Thursday, June 05, 2008

John McCain: Harold Ford for VP!

Here is another Maverick - Harold Ford heads the Democratic Leadership Committee, which is under attack by the DNC forces holding the Democratic National Elections hostage since 1972. Harold Ford, former Congressman of Tennessee, just might be the McCain Campaign's key to unlock disenfranchised Democratic voters in the Battleground States. Harold Ford has worked across the aisle and voted with Republicans on issues important to Americans who are voting or leaning toward John McCain.

After, Harold Ford pointed out the intrinsic dynamite in McCain's Kenner Speech the other night which lighted the hot bulb under the padded derriers of MSNBC Tools, HUFFPO's Cavalcade of Losers, pencil-neck geeks without portofolio all over the media, I saw the worth of this tough-minded American.

Harold Ford, is young, politically and media savvy, African American, Joe Biden Articulate, independent minded, honorable and available.

Most of all, like McCain, Ford has been swift boated - aplenty. Harold Ford would be a big help getting Democrats and Independents solidly in McCain's Camp, but would probably have goofballs like Hannity and Rush swallowing tongues of fire.

They are already lighting hotfoots on McCain anyway - twist a pig's ear and watching him squeal. Win in November, Senator McCain, and give them goofs employment for four years.

The DLC is Obama's worst nightmare - consider.

It is the opinion of the DLC that economic populism is not politically viable, citing the defeated Presidential campaigns of Senator George McGovern in 1972 and Vice-President Walter Mondale in 1984. The DLC states that it “seeks to define and galvanize popular support for a new public philosophy built on progressive ideals, mainstream values, and innovative, non-bureaucratic, market-based solutions." [4]

The DLC has supported welfare reform, such as the Personal Responsibility and Work Opportunity Reconciliation Act of 1996 [5], President Clinton's expansion of the Earned Income Tax Credit [6], and the creation of AmeriCorps [7]. The DLC supports expanded health insurance via tax credits for the uninsured and opposes plans for single-payer universal health care. The DLC supports universal access to preschool, charter schools, and measures to allow a greater degree of choice in schooling (though not school vouchers), and supports the No Child Left Behind Act. The DLC supports both NAFTA and CAFTA.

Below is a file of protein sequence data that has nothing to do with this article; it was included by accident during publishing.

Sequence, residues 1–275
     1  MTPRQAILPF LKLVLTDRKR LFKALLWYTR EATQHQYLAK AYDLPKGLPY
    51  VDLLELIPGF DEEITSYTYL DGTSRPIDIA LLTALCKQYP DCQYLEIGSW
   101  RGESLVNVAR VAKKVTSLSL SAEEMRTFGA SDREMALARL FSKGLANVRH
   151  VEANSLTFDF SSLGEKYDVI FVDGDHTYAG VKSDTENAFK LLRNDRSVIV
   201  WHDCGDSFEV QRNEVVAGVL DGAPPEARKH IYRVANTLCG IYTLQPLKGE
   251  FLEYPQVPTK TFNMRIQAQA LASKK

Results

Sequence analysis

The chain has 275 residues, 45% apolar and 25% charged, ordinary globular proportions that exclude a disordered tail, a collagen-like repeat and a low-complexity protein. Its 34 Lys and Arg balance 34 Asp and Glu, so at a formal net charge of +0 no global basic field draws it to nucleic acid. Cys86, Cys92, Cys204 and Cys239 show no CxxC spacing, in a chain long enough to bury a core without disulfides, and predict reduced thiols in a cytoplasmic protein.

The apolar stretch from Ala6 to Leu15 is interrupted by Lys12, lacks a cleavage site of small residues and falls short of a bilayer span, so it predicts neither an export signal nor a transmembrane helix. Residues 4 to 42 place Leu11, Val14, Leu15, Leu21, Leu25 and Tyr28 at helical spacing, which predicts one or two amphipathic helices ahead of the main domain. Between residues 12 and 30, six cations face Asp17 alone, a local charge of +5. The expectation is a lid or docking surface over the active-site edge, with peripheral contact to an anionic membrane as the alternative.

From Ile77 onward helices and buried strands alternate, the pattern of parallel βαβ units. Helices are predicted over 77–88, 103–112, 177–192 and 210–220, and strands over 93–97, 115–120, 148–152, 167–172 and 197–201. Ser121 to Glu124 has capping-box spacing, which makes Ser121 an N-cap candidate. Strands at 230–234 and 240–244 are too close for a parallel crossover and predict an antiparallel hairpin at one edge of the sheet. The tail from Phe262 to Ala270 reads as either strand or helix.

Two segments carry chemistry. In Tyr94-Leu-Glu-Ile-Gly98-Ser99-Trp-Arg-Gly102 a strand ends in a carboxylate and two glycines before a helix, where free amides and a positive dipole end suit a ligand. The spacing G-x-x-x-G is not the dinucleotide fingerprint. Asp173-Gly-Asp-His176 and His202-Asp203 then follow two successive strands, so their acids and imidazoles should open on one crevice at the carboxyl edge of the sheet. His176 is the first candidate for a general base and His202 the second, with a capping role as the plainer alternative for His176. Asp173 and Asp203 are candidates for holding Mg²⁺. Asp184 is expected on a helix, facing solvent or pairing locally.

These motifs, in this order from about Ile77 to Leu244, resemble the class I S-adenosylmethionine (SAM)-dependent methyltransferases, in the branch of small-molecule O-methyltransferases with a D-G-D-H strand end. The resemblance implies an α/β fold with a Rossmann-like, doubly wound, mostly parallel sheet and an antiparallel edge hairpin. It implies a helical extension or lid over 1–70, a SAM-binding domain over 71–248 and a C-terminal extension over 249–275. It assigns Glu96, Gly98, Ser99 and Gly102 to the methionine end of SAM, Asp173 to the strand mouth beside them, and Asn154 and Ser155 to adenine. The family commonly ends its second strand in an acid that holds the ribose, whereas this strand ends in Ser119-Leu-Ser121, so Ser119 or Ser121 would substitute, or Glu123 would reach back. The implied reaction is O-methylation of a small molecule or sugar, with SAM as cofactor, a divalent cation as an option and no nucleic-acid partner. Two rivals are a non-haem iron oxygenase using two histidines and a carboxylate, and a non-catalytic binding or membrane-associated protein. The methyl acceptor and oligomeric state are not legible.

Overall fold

The DLC has both supported and criticized the policies of President George W. Bush. The DLC opposed the partial birth abortion ban, the expiration of the 1994 assault weapon ban, the Clear Skies Initiative, and what they perceived as a lack of funding of the Community Oriented Policing Services (COPS) program. In 2001 the DLC endorsed the idea of tax cuts for the middle class, but then opposed the tax cuts favored by Bush, which they said favored the wealthy. The organization supports some forms of Social Security privatization but opposes financing private retirement accounts with large amounts of borrowed money.

Recently, the DLC also urged Senate Democrats to vote against Bush's nomination of Samuel Alito to the U.S. Supreme Court "on principle", but firmly opposed any filibuster of the nominee.[8]

[edit] 2003 invasion of Iraq
The DLC gave strong support for the 2003 invasion of Iraq. Prior to the war, Will Marshall co-signed a letter to President Bush from the Project for the New American Century endorsing military action against Saddam Hussein. During the 2004 Primary campaign the DLC attacked Presidential candidate Howard Dean as an out-of-touch liberal because of Dean's anti-war stance. The DLC dismissed other critics of the Iraq invasion such as filmmaker Michael Moore as members of the "loony left" [9]. Even as domestic support for the Iraq War plummeted in 2004 and 2005, Marshall reprised his right-wing credentials and called upon Democrats to balance their criticism of Bush's handling of the Iraq War with praise for the President's achievements and cautioned "Democrats need to be choosier about the political company they keep, distancing themselves from the pacifist and anti-American fringe."[2]

[edit] Criticism
The DLC has become unpopular within many progressive political circles.